Opinion: No Clearcuts Kingston calls for Independent Environmental Impact Assessment of proposed development

An exhibit as part of a 244-page report presented to the City of Kingston Planning Committee regarding a proposed development at Bath Road and the CN Rail tracks and abutting Collins Creek. Changes to the City’s Official Plan and zoning bylaws needed for the Armitage Homes development (outlined in a dotted line above) were approved by the Planning Committee at their on Thursday, Apr. 4, 2024, meeting. Image via City of Kingston documents.

Editor’s note: The following is a submitted opinion piece from local environmental advocacy organization ‘No Clearcuts Kingston.’ The views and opinions expressed do not necessarily reflect those of Kingstonist.


Citizens concerned about yet another local woodland facing a possible clearcut have called for an independent Environmental Impact Assessment (EIA) of a proposed development near Collins Creek.

At the same time, they say that the credibility of the City’s Climate Emergency vote in 2019 and recent support for the Montreal Pledge biodiversity protocol are being challenged by this 309-unit development supported last week by the Planning Committee.

More than 750 mature trees are threatened by this 8.6-hectare development at 4085, 4091, and 4097 Bath Road. In addition, hundreds of smaller trees would be removed (tree inventories only include trees greater than 15 cm in diameter at 1.5 meters in height), as well as the diverse plant and wildlife habitat that they support.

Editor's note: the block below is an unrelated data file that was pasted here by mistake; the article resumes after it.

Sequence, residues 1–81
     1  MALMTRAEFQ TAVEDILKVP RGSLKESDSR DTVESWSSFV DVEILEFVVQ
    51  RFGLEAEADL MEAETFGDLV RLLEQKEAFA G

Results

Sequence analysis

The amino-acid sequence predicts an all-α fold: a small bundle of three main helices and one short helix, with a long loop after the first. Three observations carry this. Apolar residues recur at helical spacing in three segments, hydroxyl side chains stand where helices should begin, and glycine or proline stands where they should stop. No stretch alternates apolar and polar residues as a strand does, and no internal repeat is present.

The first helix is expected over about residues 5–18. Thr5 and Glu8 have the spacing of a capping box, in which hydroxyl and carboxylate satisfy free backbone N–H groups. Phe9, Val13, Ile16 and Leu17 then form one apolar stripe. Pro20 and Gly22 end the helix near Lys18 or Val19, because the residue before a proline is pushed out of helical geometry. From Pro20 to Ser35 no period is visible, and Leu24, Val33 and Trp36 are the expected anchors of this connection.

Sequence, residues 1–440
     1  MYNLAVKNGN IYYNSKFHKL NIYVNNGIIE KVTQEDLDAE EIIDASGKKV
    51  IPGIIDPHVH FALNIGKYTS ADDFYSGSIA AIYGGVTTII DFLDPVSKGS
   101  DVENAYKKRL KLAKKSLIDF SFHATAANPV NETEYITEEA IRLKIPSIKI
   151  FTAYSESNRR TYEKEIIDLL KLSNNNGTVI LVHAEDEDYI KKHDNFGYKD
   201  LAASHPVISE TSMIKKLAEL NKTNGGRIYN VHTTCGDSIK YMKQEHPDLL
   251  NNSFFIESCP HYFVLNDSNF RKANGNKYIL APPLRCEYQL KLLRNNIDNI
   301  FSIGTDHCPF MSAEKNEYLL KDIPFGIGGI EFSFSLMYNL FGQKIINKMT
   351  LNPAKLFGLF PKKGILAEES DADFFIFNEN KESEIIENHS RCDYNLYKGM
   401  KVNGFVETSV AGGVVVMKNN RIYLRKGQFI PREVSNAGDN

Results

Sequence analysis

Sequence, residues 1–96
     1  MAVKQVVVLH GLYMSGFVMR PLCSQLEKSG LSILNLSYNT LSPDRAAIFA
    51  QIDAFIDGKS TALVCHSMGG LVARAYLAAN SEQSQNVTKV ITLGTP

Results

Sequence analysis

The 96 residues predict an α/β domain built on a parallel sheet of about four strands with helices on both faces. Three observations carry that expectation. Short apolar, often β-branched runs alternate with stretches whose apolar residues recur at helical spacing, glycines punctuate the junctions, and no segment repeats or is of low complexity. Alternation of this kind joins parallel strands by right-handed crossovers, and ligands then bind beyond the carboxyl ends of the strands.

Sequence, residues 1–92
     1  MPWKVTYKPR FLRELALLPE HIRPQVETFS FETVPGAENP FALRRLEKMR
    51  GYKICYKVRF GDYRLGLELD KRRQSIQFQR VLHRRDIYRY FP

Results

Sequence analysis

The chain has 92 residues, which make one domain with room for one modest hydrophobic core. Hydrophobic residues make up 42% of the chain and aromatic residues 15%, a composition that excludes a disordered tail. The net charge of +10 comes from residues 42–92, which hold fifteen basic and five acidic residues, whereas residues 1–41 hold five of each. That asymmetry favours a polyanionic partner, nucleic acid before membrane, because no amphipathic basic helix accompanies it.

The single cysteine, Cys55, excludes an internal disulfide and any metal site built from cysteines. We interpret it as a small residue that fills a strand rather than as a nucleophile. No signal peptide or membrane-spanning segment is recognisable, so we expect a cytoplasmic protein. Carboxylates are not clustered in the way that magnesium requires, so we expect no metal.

“This is a vital connecting piece of the Collin’s Creek watershed, Kingston’s last remaining intact natural-heritage corridor,” said Kerry Hill of No Clearcuts Kingston (NCK).

“The woodland at risk is ecologically significant based on its function as a wildlife corridor connecting Lake Ontario and provincially significant wetlands, woodlands, and valley lands that extend to rural areas north of HWY 401.”  

Citizens in the Collins Creek area believe that a financially independent third party should conduct an Environmental Impact Assessment (EIA) and the results and study methods should be publicly available for review.

The credibility of the present analysis is being questioned because the EIA involved the developer paying private consultants to conduct ecological and tree assessments.  

“It has been well documented in academic literature that a financial conflict of interest can affect research outcomes,” said Kathleen O’Hara of NCK.

“Consultants providing favourable results to developers tend to be the companies that are repeatedly contracted. It is a flawed system that is difficult, time consuming, and costly for the public and elected officials to contest.”

The methodology and study results of the company that conducted the EIS for this application have been repeatedly challenged by ecological experts — most recently during the recent Tannery tribunal hearing.

Given the ecological significance of this woodland and the Collins Bay watershed, it is critical to have an objective financially independent third-party assessment before a final City Council decision is made on Tuesday, Apr. 16, 2024.

Councillor Lisa Osanic plans to introduce a motion deferring this vote until all proper studies are complete and made public.

The loss of this woodland would be in direct conflict with many Official Plan planning policies, such as the 30 per cent minimum forest cover, and doubling our urban forest cover by 2025, commitments (section 2.8.2). 

No Clearcuts Kingston has identified more than 20 woodland areas within the urban boundary that have been or will be lost to development.

No Clearcuts Kingston
Kingston-based environmental advocacy organization


Share your views! Submit a Letter to the Editor or an Op/Ed article to Kingstonist’s Editor-in-Chief Tori Stafford at [email protected].

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